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How Flexibility is Used and Abused

How Flexibility is Used and Abused

Flexibility can be great—but it's no excuse for skipping the planning and structure of what you're creating. Here's how I learned to employ generative flexibility rather than extractive flexibility.

Welcome to the 7th Edition of This is Not Advice.

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man in green dress shirt playing trumpet
Photo by Jon Tyson on Unsplash

Today's topic is the way "flexibility" is used and abused.

When is being flexible a feature? And when is it a bug? When does flexibility make an experience better for customers or team members? And when does flexibility lead to chaos?

I'll get to my thoughts on those questions in just a bit.

But first, jazz.

I used to play the trombone. I was pretty good—although not nearly as good as I hoped I was. Anyhow, like a lot of high school and college trombone players, I played in the concert band and symphony orchestra, as well as every jazz ensemble I had access to.

I loved playing in jazz ensembles—for both musical and social reasons. But there was one part of jazz ensemble that I was utterly terrible at:


When you think of a jazz solo, you’re imagining someone improvising, whether you realize it or not. It may seem spontaneous and unplanned—even a bit wild. And sure, improvisation can be those things. But improvisation is actually a skill that’s carefully honed over years, really over a whole career.

Learning to improvise is learning scales. And variations on scales. Scales, and scales, and scales. You have to learn scales because they help you construct a melody on the fly. Without the base knowledge of scales and how they line up with the chords the rhythm section is laying down, the notes you play are jibberish.

So while an improvised solo is, in fact, improvised, it’s also the product of years of practice and study.

There is a structure that makes it work. And you’re welcome to deviate from that structure—but to make that work, you have to know what you’re deviating from.

I never committed to learning what I needed to learn in order to improvise. The time and effort required far outweighed my level of interest in the form. By the time I realized that I already knew I wasn’t planning a career as a trombone player. I never really had in the first place.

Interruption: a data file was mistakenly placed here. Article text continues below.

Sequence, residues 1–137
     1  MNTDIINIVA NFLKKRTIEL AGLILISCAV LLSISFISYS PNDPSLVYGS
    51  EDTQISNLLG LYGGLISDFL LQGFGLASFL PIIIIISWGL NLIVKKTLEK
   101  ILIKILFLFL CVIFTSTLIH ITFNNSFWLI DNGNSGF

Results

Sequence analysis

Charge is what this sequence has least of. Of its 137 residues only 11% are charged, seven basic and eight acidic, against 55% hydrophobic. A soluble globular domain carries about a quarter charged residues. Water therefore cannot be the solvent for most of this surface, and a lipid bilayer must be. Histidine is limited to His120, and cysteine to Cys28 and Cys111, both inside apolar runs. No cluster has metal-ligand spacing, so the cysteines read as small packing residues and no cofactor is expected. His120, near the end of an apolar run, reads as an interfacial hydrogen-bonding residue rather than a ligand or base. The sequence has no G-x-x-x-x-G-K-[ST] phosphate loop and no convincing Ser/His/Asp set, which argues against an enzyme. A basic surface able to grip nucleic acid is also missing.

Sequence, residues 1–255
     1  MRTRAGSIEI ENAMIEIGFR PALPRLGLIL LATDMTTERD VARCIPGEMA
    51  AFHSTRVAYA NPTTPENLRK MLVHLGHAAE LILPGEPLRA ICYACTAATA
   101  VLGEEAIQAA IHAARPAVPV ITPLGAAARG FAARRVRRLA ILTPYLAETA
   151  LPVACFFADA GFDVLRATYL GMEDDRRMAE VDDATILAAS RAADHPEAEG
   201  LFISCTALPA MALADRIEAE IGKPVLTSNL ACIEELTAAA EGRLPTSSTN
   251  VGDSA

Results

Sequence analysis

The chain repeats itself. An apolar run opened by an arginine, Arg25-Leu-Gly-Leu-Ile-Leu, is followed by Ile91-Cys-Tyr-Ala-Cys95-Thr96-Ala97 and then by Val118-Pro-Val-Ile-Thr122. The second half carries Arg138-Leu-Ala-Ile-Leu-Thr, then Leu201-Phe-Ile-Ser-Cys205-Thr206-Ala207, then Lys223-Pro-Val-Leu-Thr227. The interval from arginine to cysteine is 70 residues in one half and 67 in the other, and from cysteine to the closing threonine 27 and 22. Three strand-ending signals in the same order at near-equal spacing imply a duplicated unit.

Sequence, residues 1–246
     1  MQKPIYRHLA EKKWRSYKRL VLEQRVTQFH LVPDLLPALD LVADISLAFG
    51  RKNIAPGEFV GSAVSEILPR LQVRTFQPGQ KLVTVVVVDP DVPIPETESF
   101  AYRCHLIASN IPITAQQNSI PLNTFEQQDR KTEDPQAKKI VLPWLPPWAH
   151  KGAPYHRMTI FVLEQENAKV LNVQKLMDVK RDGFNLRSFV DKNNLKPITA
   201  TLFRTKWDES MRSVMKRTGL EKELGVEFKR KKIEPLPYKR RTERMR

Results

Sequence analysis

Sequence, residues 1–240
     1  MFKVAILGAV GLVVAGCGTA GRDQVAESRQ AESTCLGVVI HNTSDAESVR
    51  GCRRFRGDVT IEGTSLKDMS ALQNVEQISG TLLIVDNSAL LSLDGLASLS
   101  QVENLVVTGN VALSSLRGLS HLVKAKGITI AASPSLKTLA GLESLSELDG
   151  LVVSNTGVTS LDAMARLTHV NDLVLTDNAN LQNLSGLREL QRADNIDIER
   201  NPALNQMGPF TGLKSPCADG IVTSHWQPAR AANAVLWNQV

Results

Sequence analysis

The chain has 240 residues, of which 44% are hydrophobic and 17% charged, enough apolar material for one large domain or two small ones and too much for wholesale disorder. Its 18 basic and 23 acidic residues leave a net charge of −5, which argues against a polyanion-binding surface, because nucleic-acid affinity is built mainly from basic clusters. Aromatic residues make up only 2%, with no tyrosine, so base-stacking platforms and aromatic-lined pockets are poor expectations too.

While jazz improvisation was never my jam, I do enjoy improvising in other areas—like teaching and speaking. And I’m good at it.

I can be quick on my feet. I can make things up as I go.

For example, I don’t rehearse the workshops I teach. Instead, I’ve learned certain structural techniques that allow me to move from topic to topic pretty smoothly. I have patterns that I use over and over again—even as the material changes, the patterns stay the same.

I prepare and then improvise. Prepare and improvise.

I know that putting in the work on those patterns and structural techniques—as well as being fully fluent in the material itself—means I can trust my instincts in the moment. I'm less likely to be flustered or caught off guard than if I were working off of a meticulously rehearsed script. My finely-tuned structure creates space for flexibility.

Oddly enough, recognizing that this is what I do is a relatively recent realization.

And because I didn't know planning and structure were what made me a good improviser in front of an audience, I could miscalculate.

I'd rely too heavily on my ability to make things up as I go and under-develop the structure I needed to improvise over. Or my confidence in my performance caused me to under-bake the administrative and logistical elements of a project.

That sucked for me, of course. Being caught flat-footed isn't fun. But it was in those moments when I realized that I'd skimped on the structure or logistics that I also realized I was making things unnecessarily difficult for the people I was working with. My reliance on "flexibility" actually made them question their own ability.

Being "flexible" is treated as an objectively positive value.

I don't think that's wrong, but I think it's more complicated than that. So I think we should differentiate between two types of flexibility: generative flexibility and extractive flexibility.

Generative flexibility focuses on the other—be it a customer, team member, business partner, colleague, etc. Generative flexibility offers well-considered structure with space to adapt to the other's needs. The structure provides a sense of comfort or safety, while openness empowers the other to express their curiosity.

Generative flexibility doesn't cut any corners. It's actually more work, not less. It anticipates questions, factors in friction, and communicates thoroughly.

Extractive flexibility, on the other hand, is about flying by the seat of your pants. It's about doing less beforehand and trusting your instincts when it counts. This kind of flexibility is extractive because it's not an equitable transaction. It disproportionately draws on the resources of the other.

By that, I mean your customers or team members have to put in extra work to follow along, to make sense of what you're sharing. They can't fully participate because they're spending so much of that energy on figuring out what's going on.

Extractive flexibility might feel comfy for you, but it's chaos for everyone else.

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